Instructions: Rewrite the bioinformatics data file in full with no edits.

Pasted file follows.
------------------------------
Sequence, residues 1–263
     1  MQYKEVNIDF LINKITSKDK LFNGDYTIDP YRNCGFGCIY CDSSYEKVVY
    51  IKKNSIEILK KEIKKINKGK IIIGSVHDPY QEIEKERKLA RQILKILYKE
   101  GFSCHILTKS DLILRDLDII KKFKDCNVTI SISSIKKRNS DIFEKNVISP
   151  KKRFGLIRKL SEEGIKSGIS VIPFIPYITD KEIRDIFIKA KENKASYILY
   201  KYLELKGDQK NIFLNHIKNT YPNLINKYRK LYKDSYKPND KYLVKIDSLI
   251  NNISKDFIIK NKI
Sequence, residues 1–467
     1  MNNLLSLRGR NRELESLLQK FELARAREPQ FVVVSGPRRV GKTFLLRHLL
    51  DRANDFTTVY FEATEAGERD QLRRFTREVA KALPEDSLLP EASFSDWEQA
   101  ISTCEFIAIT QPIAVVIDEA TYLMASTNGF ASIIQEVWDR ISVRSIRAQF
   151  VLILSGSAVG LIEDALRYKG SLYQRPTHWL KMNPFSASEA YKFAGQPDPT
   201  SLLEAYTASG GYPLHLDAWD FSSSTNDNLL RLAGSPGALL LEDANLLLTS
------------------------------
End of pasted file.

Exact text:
Sequence, residues 1–263
     1  MQYKEVNIDF LINKITSKDK LFNGDYTIDP YRNCGFGCIY CDSSYEKVVY
    51  IKKNSIEILK KEIKKINKGK IIIGSVHDPY QEIEKERKLA RQILKILYKE
   101  GFSCHILTKS DLILRDLDII KKFKDCNVTI SISSIKKRNS DIFEKNVISP
   151  KKRFGLIRKL SEEGIKSGIS VIPFIPYITD KEIRDIFIKA KENKASYILY
   201  KYLELKGDQK NIFLNHIKNT YPNLINKYRK LYKDSYKPND KYLVKIDSLI
   251  NNISKDFIIK NKI
Sequence, residues 1–467
     1  MNNLLSLRGR NRELESLLQK FELARAREPQ FVVVSGPRRV GKTFLLRHLL
    51  DRANDFTTVY FEATEAGERD QLRRFTREVA KALPEDSLLP EASFSDWEQA
   101  ISTCEFIAIT QPIAVVIDEA TYLMASTNGF ASIIQEVWDR ISVRSIRAQF
   151  VLILSGSAVG LIEDALRYKG SLYQRPTHWL KMNPFSASEA YKFAGQPDPT
   201  SLLEAYTASG GYPLHLDAWD FSSSTNDNLL RLAGSPGALL LEDANLLLTS